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  • Nipah passed through sweet food and domestic animals

    Source: http://www.eurekalert.org/pub_releas...-nad032908.php
    New and deadly viruses passed through sweet food and domestic animals

    Nipah virus is a new and deadly brain and lung disease that emerged from Singapore and Malaysia ten years ago. It is now spreading into rural India and Bangladesh killing up to three-quarters of the people who become infected in some outbreaks, scientists heard today (Thursday 3 April 2008) at the Society for General Microbiology’s 162nd meeting being held this week at the Edinburgh International Conference Centre.

    “People are catching this disease by drinking date palm juice or probably by eating fruit contaminated by the virus, or through contact with infected animals. We have seen nine outbreaks in Bangladesh since 2001, which killed 40-100% of the people who were infected”, says Dr Jahangir Hossain, a scientist working in the Dhaka Hospital at the International Centre for Diarrheal Disease Research in Bangladesh (ICDDR,B).

    Fruit bats are a natural reservoir of Nipah virus, and the first outbreaks in Singapore and Malaysia started when pigs on farms ate fruit which had been bitten by infected bats and dropped near their pens. The pigs developed coughs and breathing difficulties, and an epidemic spread across the Asian peninsula due to the pig trade. Pig farmers and abattoir workers became infected from sick pigs.

    “Three outbreaks in Bangladesh were caused when people ate fresh date palm sap, a local sweet delicacy, which had been contaminated by bats.” says Dr Jahangir Hossain. “Because both people and animals in Bangladesh often eat fresh date palm sap and fruits which have been bitten by bats, contaminated food and domestic animals form an important transmission pathway for Nipah virus to infect people”.

    The researchers have been trying to discover the way Nipah virus outbreaks start and to identify the factors which could help prevent virus transmission in the future. The large outbreak in pigs in Malaysia and Singapore caused the biggest outbreak in humans so far. In one outbreak in Bangladesh, people became infected after contact with sick cows, and close contact with pig herds was associated with virus transmission in another outbreak.

    “We are working with local date palm sap collectors to learn about traditional practices that prevent bats from getting at and contaminating the sap”, says Dr Jahangir Hossain. “If we can identify the factors that allow the virus to be passed from bats to humans so frequently, we might be able to help intervene and interfere with the transmission pathways. Current efforts should focus on restricting the consumption of fruit bitten by bats, restricting human contact with sick animals, and protecting date palm sap from contamination by bat secretions”.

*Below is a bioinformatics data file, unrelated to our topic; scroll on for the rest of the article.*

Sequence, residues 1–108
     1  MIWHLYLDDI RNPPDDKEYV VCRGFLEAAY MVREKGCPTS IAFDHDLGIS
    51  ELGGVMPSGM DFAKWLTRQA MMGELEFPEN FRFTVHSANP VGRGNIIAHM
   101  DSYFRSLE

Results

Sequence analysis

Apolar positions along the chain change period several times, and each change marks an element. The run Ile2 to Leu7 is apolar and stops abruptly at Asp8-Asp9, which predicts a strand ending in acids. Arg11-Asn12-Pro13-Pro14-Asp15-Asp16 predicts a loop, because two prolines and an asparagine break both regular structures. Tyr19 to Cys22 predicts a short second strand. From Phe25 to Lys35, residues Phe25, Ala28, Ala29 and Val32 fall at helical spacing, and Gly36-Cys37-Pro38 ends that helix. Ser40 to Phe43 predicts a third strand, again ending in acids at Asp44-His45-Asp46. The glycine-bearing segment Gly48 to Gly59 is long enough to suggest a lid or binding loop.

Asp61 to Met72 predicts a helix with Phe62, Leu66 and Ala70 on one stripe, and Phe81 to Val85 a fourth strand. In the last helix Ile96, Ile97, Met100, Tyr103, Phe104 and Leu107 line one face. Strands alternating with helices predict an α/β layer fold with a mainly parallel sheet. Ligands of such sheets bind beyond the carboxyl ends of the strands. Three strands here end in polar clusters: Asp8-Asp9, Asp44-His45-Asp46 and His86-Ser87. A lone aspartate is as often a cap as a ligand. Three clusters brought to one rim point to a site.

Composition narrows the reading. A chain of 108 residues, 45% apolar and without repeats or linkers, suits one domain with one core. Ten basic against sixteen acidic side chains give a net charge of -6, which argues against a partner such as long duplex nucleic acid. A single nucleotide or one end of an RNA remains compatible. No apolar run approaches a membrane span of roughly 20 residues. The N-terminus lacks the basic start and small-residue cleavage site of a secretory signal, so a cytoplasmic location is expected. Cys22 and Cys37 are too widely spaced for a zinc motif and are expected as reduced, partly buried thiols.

• #2
    Re: Nipah passed through sweet food and domestic animals

    Tainted fruit blamed for Nipah outbreak in Bangladesh


    Staff Reporter



    The people, who fell sick in different areas of the country with the new and dangerous Nipah virus in recent years probably caught it from eating contaminated fruit or from contact with infected domestic animals, scientists said in the capital yesterday.

    There have been nine Nipah outbreaks in Bangladesh since 2001, resulting in the deaths of between 40 and 100 per cent of infected people, said Jahangir Hossain, of the International Centre for Diarrheal Disease Research in Bangladesh (ICDDRB), popularly known as the Dhaka Cholera Hospital. "Three outbreaks in Bangladesh were caused when people ate fresh date palm sap, a local sweet delicacy, which had been contaminated by bats," he said in a statement yesterday.

    Jahangir Hossain, who issued the statement on behalf of the Society for General Microbiology as one of its top leaders, said, "Because both people and animals in Bangladesh often eat fresh date palm sap and fruits which have been bitten by bats, contaminated food and domestic animals form an important transmission pathway for Nipah virus to infect people."

    Fruit bats are believed to be a natural reservoir of the Nipah virus, which was first seen when it killed more than 100 people out of 257 infected in Malaysia in 1999, said a story created by the French international news agency Reuters.

    As per local media reports the Nipah virus has killed at least 89 people in Bangladesh since 2001, it added.

    Jahangir Hossain said the first outbreaks in Malaysia started when pigs on farms ate fruit, which had been bitten by infected bats. The pigs later developed coughs and breathing difficulties, and the virus soon spread to pig farmers and abattoir workers.

    The deadly brain and lung disease is now spreading into rural India and Bangladesh. In one outbreak in Bangladesh, people became infected after contact with sick cows, while close contact with pig herds was associated with another outbreak.

    Jahangir Hossain's team is working with date palm sap collectors to stop bats from contaminating date palm sap.

    "If we can identify the factors that allow the virus to be passed from bats to humans so frequently, we might be able to help intervene and interfere with the transmission pathways," he said.

    He suggested the Government, saying, "Current efforts should focus on restricting the consumption of fruit bitten by bats, restricting human contact with sick animals, and protecting date palm sap from contamination by bat secretions." http://nation.ittefaq.com/issues/200...4/news0547.htm
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